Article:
Northstar Engines and System Technical Discussion Discussion, Crack my Block!!!!!! in Cadillac Engine Technical Discussion; Well, the verdict is in, the heads were pulled & we found were all the water was going, #8 had ...
Sometimes if a cylinder hydrostatically locks (due to water injestion or a stuck fuel injector) the load on the cylinder wall will be great enough when the engine locks to crack the cylinder liner and the aluminum surround around it.....but that usually leaves other signs , also.
In any case, that block is scrap as there is really no way to repair it within reason.
There are lots of used Northstar engines on the market from scrap yards....and GM markets brand new replacement engines (new engines, not re-mans) thru the Goodwrench program.
With that type of failure I would honestly contact the Cadillac zone rep and ask for some help or consideration in the repair costs....might save you a little as some consideration in an unusual case like that is common.
When this whole thing started, I thought for sure I was just pulling the heads, & when we pulled the first head, the game was all over. It started as a steam problem out of the tail pipe, with water consumption that was out the roof.
Anyway, now that I've got my head back on, I'll start to look around for something I can rebuild or purchase in the way on an engine.
A cracked cylinder liner is very very rare. The cases that I have seen were traced to either a failed/stuck open injector that flooded a cylinder and hydrostatically locked it or a water intrusion situation where the car was driven thru some deep standing water (even inadvertently/unknowingly) and sucked some water into the intake that went thru the engine briefly hydrostatically locking one cylinder.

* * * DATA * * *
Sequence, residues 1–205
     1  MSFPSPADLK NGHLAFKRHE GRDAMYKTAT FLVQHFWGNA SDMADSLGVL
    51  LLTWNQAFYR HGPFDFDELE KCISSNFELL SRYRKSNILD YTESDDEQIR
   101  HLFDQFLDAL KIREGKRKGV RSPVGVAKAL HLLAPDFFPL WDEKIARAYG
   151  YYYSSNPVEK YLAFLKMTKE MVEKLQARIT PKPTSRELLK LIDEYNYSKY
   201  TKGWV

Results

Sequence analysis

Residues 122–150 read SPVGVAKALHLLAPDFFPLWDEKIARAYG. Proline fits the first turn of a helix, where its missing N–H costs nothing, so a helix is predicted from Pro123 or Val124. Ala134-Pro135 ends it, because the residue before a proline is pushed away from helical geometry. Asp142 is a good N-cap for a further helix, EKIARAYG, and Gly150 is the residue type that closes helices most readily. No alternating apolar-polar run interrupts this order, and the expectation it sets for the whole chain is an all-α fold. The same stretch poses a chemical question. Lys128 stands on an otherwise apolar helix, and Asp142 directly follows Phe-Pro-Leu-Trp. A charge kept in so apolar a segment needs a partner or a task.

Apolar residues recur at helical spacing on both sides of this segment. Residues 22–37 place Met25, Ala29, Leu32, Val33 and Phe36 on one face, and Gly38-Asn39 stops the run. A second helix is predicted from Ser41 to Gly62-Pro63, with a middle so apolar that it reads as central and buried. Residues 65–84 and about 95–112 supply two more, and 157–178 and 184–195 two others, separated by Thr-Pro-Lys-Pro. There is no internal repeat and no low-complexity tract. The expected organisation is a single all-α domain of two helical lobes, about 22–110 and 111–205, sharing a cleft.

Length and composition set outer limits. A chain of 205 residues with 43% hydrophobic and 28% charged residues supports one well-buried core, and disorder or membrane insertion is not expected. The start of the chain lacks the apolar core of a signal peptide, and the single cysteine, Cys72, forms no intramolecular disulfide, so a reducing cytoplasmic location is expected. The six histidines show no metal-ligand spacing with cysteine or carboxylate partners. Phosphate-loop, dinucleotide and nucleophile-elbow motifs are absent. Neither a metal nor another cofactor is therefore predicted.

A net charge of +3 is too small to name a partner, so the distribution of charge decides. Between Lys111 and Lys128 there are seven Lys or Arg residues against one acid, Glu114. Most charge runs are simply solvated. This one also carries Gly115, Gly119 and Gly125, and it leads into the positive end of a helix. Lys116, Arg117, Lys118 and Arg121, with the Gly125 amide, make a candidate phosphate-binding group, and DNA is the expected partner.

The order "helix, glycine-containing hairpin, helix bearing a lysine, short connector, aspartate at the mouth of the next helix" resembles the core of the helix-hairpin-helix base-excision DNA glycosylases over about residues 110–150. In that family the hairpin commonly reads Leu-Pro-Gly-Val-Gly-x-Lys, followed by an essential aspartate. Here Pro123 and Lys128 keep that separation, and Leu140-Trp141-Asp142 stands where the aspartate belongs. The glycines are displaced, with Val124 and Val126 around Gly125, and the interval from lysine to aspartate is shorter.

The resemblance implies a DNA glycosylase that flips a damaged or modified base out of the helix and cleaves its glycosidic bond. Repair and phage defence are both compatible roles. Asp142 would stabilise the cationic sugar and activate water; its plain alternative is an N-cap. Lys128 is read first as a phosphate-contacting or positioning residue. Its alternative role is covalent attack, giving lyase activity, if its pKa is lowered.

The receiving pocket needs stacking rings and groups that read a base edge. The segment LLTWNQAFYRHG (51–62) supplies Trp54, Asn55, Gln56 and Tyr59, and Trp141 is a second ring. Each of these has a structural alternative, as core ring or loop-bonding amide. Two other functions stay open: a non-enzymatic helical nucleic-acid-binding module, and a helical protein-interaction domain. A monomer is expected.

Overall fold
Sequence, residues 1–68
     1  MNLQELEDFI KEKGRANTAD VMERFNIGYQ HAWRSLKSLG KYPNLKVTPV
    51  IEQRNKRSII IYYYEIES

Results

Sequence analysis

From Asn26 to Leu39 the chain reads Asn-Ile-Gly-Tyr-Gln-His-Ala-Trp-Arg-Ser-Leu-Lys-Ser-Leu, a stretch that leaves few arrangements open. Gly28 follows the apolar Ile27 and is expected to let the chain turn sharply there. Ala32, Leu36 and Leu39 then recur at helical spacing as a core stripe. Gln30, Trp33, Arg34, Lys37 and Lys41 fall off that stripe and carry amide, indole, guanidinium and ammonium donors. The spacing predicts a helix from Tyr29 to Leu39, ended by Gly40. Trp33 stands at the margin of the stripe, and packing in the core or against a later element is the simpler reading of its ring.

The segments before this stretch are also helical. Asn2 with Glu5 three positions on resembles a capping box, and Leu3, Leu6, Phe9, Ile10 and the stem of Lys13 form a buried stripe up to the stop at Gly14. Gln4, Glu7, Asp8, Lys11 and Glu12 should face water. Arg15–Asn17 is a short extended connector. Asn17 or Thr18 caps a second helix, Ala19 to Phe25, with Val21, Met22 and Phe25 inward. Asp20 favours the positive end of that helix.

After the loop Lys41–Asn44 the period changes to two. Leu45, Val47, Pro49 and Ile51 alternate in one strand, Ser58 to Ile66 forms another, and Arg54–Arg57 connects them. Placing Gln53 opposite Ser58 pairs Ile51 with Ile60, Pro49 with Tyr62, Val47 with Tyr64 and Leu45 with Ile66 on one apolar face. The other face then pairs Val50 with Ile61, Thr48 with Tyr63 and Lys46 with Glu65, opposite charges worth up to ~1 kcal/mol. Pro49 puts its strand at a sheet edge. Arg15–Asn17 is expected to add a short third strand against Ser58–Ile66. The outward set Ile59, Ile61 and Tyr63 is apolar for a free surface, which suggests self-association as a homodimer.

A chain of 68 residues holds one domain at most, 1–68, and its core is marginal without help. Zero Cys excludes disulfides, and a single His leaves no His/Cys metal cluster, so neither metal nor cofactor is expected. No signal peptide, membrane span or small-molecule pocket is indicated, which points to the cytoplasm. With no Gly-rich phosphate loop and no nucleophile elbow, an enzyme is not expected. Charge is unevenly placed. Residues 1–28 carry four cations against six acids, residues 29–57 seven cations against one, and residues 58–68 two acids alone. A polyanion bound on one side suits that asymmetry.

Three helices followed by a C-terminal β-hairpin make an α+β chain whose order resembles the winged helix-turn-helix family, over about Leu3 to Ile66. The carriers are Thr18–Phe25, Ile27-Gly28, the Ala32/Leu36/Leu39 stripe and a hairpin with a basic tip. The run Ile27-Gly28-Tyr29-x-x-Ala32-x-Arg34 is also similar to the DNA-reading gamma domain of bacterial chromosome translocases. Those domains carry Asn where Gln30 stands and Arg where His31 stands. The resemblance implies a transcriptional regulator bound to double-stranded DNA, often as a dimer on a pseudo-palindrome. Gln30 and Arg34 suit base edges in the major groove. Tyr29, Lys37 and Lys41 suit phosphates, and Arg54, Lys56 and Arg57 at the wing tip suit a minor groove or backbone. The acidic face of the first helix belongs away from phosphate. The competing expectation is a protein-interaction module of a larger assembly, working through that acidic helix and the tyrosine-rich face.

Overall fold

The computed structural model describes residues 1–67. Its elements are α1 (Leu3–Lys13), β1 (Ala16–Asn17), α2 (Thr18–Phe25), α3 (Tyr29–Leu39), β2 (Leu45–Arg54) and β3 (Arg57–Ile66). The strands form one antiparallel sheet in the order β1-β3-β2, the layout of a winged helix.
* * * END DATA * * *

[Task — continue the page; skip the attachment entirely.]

If a random and rare cracked liner happens when the engine was manufactured it always shows up very quickly at low miles well in warranty. There is an occasional one of those (one or two a year maybe at the most) but for a car to go 8 years or more and then crack a cylinder liner leads one to look for another, external cause.
Anyway, just wondering what the thoughts are out there? Replace, find another motor to rebuild, scrap the whole car? 96 Deville [/QUOTE]
96CD. It appears you are willing and able to work on your own Caddy so here goes.
You have nearly a complete engine of known good parts. I have been looking into ways to attain N* engines with a known blown head gasket(s) for testing. Well to make a long story short, the best place that I have found to date being the wrecking yards. The core engines! These engines are being recycled (melted down as scrap aluminum). I have found the local core prices ranging from a low of $25.00 to a high of $100.00 per core. That is the money anyone that does not return his or her old core will lose. All businessmen need to make a profit and are willing to part with any core for a minimal charge. Say if you offer $40.00 for the $25.00 core or $125.00 for the $100.00 core, that is a lot of good parts at a low price. You may find a core that is complete? My next step is to learn the location of the part numbers on the block or heads and decipher these numbers as to the year and hp such as vin-y or vin-9. Maybe one would need to time-sert a block or swap some parts to assemble a complete working engine but the core prices are right. Once you have all the parts and pieces you need from both engines and she is running fine simply take the remaining parts back to the wrecking yard for recycling.
If anyone on the forum knows the location and meaning of these block or head numbers please post.
With virtually all the hydrauliced cylinders I've seen both automotive and aircraft, there is a bent connecting rod to go with it. With aircraft the head usually splits and the cylinder stays whole but the rod buckles. Surprisingly enough, holes in the piston come from pre-ignition/detonation rather than hydraulics. When the cylinder comes clear off the engine from base stud failures it's usually a faulty paint job, the wrong O-ring, or loose base nuts.
Cracks in the cylinders of flathead Fords both 6's and V-8's starting at the exhaust valve seats and extending down the cylinder were very common. I actually fixed some of them by driving steel wool saturated with J-B Weld into the cracks with a screwdriver and installing a valve seat insert by machining the proper recess in the block. They all worked for a while and some were virtualy a permanent repair. Sometimes you do what you have to do to get by.